"But I Thought You Were My Friend!" Page 2
Friendships between manufacturers and reviewers are fine, as long as the manufacturer realizes that the reviewer, the editor, and the publisher will always put their readers' interests ahead of the manufacturer's (footnote 2). A review is an honest expression of the reviewer's opinion, not a manufacturer's marketing tool.
When negative reviews are published, manufacturers will often choose to believe any reason for it---except that their product isn't up to the standards required for a recommendation. The manufacturer will sometimes privately question the reviewer's competence, attempt to publicly impugn his reputation, or ascribe political motives to the negative review. This is an unfortunate reaction because it prevents the manufacturer from realizing the product's shortcomings and weak competitive position in the marketplace. Without such a realization, the product will never improve, with perhaps disastrous effects for its manufacturer. Moreover, it's just as great a mistake for a manufacturer to believe a negative review was the result of personal animosity or political motivation as to think a positive review was somehow affected by his friendly relationship with the reviewer.
The only thing that determines the tone or content of a review is how the product performs in the listening room (and, to a much lesser extent, the test lab). Any preconceptions about the product, if the reviewer likes or doesn't like the manufacturer, and any other factors not related to the product's ability to reproduce music---all vanish in the listening room.
No reviewer likes to write a negative review, just as no editor or publisher should enjoy publishing that review, but there is no choice when a product just doesn't measure up. The reader should never be led to buy a product on which the reviewer wouldn't spend his own money. The moment of truth comes when the reviewer sits down in front of the word processor. He converts his impressions of the product into words---words that will create similar impressions of that product in the readers' minds. The review's tone must be a mirror image of how he really felt about the product, not how he would like to have felt. Any less would be a breach of the readers' trust---a trust reaffirmed with every subscription renewal and newsstand sale.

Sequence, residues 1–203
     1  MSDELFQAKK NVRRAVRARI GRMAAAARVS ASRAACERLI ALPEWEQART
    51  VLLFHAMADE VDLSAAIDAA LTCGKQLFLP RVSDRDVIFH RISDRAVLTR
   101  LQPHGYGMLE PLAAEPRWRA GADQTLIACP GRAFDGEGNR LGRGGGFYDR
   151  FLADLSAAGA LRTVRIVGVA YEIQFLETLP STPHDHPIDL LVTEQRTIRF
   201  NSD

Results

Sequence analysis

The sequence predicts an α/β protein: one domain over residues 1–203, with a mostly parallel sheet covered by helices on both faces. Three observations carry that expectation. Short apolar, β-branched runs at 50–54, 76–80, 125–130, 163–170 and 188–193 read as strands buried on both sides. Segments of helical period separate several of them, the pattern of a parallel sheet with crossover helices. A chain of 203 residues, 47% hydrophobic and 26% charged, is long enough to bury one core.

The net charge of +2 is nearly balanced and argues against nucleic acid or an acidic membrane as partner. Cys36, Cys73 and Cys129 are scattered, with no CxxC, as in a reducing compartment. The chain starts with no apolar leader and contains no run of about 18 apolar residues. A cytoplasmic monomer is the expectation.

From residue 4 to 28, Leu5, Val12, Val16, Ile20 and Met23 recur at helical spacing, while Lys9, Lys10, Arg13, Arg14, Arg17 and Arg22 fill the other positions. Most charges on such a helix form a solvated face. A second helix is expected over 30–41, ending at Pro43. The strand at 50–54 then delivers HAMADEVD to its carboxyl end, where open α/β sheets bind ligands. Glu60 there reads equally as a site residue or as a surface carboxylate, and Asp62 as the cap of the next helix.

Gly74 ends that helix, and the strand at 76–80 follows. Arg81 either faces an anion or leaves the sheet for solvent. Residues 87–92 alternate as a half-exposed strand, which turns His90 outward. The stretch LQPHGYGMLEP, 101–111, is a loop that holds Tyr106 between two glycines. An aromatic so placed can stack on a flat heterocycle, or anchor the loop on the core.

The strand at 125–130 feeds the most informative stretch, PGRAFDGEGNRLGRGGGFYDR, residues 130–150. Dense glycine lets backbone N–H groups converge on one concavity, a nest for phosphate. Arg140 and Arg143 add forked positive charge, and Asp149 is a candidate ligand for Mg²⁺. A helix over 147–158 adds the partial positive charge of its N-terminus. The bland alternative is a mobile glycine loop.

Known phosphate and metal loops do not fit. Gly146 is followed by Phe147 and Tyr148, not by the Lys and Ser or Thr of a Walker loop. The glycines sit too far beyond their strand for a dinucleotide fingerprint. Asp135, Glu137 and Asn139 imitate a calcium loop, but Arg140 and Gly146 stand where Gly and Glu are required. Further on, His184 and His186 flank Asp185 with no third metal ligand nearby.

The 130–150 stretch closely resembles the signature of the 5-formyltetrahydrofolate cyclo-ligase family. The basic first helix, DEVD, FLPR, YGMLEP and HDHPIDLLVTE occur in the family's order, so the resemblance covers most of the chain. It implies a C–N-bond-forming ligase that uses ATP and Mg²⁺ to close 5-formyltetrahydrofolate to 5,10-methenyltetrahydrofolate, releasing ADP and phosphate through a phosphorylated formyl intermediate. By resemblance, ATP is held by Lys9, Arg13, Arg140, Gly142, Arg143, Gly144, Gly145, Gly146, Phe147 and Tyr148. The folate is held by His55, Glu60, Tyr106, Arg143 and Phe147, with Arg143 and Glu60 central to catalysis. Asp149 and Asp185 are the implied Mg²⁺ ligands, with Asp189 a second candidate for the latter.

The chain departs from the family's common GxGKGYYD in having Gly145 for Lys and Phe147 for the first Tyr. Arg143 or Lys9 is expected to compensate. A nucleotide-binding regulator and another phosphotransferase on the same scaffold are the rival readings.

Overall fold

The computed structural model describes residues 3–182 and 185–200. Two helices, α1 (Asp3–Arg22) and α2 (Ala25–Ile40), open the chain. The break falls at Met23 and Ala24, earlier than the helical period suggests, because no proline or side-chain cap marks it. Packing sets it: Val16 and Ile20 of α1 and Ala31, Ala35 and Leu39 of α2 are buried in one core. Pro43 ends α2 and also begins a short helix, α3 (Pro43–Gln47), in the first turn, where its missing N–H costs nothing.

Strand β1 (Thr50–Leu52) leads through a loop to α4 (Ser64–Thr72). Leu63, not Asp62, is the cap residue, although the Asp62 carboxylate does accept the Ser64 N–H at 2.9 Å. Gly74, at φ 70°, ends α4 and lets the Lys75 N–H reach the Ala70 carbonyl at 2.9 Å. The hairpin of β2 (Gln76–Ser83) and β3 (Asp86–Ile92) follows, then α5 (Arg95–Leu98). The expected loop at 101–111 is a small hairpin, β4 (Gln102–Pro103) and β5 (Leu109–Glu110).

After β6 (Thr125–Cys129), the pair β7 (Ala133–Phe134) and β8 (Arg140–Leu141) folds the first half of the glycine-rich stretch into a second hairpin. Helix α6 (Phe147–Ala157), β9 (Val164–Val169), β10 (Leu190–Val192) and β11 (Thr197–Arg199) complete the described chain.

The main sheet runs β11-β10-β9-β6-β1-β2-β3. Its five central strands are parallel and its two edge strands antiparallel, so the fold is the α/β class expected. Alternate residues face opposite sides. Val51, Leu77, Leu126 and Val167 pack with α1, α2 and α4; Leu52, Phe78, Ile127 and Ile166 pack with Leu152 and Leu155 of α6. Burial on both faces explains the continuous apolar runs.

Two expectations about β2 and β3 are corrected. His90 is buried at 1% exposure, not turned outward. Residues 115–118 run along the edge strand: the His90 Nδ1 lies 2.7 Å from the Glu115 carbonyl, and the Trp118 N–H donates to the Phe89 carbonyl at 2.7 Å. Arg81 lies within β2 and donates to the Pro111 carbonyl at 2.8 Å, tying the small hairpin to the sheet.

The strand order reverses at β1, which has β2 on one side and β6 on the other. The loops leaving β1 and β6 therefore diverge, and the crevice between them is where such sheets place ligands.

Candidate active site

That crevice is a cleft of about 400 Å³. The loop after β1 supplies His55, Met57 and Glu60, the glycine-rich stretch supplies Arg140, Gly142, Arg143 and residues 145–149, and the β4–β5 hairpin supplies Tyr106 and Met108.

On the last day of that same CES, I ran into a well-respected high-end veteran in an elevator whom I hadn't met before, but whose product I had recently reviewed. The review had been quite positive, but contained some criticisms. He saw my nametag, introduced himself, and said, "It's nice to meet you. Thank you for---"
Oh, no, not again, I thought.
"---your thoroughness and objectivity," he said.
His comments were unique in that they reflected a real understanding of what reviewing audio components is all about. If a reviewer is to be thanked at all by a manufacturer, it is only for those aspects of a review. Indeed, thoroughness and objectivity are the highest ideals to which a reviewer can aspire.
Thoroughness and objectivity---a manufacturer deserves no less from a reviewer. But can he expect any more than that---even from a reviewer he considers his "friend"?
Not in my book.
Footnote 2: Some years ago, a manufacturer told LA that if he wanted their friendship to continue, LA would have to "kill" a somewhat negative review of his product that I had commissioned. The review appeared, of course.---JA